Homeostatic control of polo-like kinase-1 engenders non-genetic heterogeneity in G2 checkpoint fidelity and timing

Nat Commun. 2014 Jun 4;5:4048. doi: 10.1038/ncomms5048.

Abstract

The G2 checkpoint monitors DNA damage, preventing mitotic entry until the damage can be resolved. The mechanisms controlling checkpoint recovery are unclear. Here, we identify non-genetic heterogeneity in the fidelity and timing of damage-induced G2 checkpoint enforcement in individual cells from the same population. Single-cell fluorescence imaging reveals that individual damaged cells experience varying durations of G2 arrest, and recover with varying levels of remaining checkpoint signal or DNA damage. A gating mechanism dependent on polo-like kinase-1 (PLK1) activity underlies this heterogeneity. PLK1 activity continually accumulates from initial levels in G2-arrested cells, at a rate inversely correlated to checkpoint activation, until it reaches a threshold allowing mitotic entry regardless of remaining checkpoint signal or DNA damage. Thus, homeostatic control of PLK1 by the dynamic opposition between checkpoint signalling and pro-mitotic activities heterogeneously enforces the G2 checkpoint in each individual cell, with implications for cancer pathogenesis and therapy.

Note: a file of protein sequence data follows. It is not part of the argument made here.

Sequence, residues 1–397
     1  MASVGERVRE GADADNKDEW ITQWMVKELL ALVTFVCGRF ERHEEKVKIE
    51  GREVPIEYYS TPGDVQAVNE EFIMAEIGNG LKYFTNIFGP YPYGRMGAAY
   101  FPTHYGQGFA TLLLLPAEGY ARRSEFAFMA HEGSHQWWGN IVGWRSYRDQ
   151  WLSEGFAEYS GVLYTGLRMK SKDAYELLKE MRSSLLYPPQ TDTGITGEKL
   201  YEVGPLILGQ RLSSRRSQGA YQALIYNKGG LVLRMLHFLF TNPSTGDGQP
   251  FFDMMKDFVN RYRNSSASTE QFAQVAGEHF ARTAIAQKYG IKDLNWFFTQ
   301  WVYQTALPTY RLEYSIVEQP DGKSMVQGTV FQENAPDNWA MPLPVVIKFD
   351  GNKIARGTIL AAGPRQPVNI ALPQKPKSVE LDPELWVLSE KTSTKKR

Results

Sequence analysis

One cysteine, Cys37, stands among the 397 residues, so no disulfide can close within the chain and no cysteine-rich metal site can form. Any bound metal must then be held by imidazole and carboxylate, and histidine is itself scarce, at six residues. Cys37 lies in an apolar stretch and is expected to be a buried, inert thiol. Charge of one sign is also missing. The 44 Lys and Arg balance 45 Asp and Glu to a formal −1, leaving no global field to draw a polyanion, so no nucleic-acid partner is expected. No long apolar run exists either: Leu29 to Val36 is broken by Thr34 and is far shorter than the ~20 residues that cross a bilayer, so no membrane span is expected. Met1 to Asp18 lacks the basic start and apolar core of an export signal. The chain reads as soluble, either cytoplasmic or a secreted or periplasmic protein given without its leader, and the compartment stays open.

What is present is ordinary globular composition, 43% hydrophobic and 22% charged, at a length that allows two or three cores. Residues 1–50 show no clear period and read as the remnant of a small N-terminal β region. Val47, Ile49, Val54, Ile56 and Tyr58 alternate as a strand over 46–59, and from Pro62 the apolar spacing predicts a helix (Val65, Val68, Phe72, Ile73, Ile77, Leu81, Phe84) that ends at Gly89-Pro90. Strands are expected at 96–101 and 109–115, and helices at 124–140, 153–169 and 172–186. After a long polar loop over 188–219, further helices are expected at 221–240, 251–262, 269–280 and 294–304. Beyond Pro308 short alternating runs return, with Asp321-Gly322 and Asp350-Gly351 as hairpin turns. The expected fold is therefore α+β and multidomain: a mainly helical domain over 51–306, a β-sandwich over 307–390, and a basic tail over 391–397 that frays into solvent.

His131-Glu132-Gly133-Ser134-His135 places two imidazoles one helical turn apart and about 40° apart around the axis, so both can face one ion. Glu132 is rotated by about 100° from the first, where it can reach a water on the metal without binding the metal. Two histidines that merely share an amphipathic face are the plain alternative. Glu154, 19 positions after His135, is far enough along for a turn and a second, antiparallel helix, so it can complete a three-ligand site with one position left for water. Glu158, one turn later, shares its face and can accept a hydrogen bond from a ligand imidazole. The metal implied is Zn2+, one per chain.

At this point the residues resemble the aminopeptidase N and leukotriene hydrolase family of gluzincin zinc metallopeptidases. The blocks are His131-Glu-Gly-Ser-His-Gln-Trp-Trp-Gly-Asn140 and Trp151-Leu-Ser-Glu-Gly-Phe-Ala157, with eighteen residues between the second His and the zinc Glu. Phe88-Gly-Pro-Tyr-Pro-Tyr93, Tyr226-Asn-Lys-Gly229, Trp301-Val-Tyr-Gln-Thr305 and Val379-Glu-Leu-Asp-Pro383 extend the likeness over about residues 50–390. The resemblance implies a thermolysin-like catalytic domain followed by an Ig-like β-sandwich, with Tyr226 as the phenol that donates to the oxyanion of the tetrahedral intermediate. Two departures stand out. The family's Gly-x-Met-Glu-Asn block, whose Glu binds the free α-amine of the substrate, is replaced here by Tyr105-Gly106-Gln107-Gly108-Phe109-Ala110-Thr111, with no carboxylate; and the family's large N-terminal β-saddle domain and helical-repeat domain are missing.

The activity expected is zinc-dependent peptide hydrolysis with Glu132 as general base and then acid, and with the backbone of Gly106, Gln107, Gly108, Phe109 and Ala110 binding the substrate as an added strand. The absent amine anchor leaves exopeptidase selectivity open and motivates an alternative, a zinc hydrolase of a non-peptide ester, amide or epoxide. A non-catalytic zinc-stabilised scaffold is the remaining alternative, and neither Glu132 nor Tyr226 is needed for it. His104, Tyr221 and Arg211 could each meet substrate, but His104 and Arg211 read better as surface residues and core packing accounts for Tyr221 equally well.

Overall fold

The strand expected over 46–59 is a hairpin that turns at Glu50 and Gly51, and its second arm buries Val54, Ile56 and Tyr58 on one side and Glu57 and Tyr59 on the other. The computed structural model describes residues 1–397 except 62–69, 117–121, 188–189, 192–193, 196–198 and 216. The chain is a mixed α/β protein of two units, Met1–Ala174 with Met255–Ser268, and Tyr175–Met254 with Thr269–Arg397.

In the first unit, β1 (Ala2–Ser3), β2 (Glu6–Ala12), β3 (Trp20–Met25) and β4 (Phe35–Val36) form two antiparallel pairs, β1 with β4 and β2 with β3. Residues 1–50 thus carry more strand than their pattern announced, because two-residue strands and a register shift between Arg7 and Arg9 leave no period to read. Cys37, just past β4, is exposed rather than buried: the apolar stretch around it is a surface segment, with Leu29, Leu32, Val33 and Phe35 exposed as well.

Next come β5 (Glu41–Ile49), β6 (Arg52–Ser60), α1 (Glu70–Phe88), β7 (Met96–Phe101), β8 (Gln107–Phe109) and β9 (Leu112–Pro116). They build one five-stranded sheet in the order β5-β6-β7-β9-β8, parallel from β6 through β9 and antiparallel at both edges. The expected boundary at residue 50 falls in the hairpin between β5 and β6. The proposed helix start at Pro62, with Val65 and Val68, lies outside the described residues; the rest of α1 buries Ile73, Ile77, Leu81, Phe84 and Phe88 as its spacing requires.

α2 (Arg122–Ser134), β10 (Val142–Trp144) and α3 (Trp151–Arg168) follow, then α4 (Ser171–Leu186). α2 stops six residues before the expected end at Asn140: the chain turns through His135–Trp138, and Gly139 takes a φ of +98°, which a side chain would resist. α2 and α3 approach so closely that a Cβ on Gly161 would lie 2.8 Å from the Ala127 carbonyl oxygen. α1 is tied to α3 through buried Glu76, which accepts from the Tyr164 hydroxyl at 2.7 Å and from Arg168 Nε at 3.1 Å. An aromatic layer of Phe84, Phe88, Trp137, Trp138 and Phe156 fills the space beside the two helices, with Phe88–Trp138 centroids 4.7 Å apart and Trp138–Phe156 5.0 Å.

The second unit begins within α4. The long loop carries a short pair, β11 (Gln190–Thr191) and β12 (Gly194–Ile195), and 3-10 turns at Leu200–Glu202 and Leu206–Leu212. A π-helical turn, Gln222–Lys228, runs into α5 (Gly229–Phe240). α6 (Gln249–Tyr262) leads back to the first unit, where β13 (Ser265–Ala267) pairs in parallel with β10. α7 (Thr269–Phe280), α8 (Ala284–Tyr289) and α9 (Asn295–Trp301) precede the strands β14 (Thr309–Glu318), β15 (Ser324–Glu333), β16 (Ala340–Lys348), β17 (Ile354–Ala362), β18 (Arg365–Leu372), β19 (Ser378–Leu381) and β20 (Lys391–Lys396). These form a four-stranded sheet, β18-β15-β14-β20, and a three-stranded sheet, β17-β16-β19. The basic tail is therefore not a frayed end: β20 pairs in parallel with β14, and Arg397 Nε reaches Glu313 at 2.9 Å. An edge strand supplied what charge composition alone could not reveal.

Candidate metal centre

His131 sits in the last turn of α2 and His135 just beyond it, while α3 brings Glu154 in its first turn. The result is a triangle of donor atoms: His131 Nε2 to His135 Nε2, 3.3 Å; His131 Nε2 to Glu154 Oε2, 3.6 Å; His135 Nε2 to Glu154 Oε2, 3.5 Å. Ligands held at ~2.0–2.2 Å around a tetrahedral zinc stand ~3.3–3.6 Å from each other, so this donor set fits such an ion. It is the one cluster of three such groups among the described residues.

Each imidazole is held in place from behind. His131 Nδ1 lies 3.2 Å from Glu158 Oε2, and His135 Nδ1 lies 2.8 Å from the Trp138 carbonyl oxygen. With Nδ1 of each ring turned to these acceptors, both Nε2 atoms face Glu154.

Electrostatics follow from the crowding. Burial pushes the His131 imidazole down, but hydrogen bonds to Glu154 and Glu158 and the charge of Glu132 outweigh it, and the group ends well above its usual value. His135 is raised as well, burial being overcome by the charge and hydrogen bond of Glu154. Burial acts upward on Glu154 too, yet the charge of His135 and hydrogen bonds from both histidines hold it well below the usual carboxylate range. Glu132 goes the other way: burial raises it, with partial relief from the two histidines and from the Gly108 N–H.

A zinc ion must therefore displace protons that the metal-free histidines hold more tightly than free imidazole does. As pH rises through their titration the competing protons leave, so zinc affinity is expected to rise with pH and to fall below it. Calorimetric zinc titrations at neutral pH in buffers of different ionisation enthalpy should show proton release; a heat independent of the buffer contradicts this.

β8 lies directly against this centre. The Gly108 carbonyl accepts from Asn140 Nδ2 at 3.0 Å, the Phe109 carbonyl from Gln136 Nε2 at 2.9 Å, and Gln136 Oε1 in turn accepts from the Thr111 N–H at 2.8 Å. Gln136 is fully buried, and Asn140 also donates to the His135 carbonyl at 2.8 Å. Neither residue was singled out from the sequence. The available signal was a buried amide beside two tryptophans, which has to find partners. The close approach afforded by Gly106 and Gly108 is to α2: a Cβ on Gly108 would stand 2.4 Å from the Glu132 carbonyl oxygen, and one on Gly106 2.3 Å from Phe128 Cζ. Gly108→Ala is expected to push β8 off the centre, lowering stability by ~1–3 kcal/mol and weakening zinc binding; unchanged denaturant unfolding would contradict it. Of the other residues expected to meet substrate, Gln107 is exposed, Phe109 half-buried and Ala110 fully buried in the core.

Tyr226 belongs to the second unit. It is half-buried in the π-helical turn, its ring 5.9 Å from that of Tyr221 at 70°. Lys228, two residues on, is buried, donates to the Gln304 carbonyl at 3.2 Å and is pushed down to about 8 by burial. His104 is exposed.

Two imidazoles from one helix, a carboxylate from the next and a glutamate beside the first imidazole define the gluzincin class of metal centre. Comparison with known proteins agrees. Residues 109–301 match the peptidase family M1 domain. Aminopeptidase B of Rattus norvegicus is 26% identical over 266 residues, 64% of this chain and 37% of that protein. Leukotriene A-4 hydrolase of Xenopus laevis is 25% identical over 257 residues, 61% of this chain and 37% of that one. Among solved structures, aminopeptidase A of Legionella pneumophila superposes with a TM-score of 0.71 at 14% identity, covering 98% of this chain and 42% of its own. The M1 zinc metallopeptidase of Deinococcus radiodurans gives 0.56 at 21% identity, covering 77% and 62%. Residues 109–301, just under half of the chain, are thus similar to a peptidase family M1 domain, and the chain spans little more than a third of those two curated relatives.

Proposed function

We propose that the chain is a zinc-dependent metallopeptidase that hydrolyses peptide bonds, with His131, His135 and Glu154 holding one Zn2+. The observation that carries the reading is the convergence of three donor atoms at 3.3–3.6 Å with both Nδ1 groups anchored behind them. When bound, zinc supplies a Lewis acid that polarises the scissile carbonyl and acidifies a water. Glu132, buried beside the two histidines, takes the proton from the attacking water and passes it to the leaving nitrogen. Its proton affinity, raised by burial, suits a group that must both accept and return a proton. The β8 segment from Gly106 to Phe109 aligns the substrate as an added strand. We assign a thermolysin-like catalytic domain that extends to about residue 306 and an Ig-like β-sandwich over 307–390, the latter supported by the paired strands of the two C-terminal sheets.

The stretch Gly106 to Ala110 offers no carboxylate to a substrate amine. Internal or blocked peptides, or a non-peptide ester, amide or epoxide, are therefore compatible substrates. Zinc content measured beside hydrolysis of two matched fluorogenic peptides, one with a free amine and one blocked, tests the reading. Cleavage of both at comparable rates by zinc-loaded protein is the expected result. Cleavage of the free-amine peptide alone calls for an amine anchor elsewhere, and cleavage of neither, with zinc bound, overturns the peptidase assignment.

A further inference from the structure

Publication types

  • Research Support, Non-U.S. Gov't

MeSH terms

  • Cell Cycle Proteins / metabolism*
  • Cell Line, Tumor
  • DNA Breaks, Double-Stranded*
  • DNA Damage
  • G2 Phase Cell Cycle Checkpoints*
  • Genetic Heterogeneity
  • Homeostasis
  • Humans
  • Protein-Serine-Threonine Kinases / metabolism*
  • Proto-Oncogene Proteins / metabolism*
  • Time Factors

Substances

  • Cell Cycle Proteins
  • Proto-Oncogene Proteins
  • Protein-Serine-Threonine Kinases
  • polo-like kinase 1